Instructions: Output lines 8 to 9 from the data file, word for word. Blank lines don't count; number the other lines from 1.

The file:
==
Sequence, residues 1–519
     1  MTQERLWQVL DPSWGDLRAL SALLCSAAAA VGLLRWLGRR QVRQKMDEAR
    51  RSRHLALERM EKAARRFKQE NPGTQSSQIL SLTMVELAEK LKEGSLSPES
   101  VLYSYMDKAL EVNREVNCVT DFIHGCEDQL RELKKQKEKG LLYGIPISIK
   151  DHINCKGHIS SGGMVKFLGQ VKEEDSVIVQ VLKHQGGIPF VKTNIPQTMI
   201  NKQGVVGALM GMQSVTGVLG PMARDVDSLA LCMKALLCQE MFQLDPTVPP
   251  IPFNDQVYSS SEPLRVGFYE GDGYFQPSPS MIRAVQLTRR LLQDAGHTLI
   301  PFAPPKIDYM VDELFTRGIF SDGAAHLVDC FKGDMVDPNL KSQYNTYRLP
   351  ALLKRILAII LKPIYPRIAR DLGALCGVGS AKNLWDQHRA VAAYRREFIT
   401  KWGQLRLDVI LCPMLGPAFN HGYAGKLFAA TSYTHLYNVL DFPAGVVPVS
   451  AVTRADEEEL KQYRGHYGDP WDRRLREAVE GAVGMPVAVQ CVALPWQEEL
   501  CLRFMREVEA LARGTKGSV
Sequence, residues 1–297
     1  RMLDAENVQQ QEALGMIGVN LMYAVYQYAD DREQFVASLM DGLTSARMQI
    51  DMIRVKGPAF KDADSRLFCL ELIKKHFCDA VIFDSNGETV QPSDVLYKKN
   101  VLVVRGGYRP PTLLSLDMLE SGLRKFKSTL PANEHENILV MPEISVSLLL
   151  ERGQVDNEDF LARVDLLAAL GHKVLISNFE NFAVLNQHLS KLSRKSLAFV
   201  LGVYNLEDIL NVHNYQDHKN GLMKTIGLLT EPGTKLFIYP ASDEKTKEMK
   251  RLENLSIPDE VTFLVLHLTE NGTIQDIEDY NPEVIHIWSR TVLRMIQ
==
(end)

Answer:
   301  PFAPPKIDYM VDELFTRGIF SDGAAHLVDC FKGDMVDPNL KSQYNTYRLP
   351  ALLKRILAII LKPIYPRIAR DLGALCGVGS AKNLWDQHRA VAAYRREFIT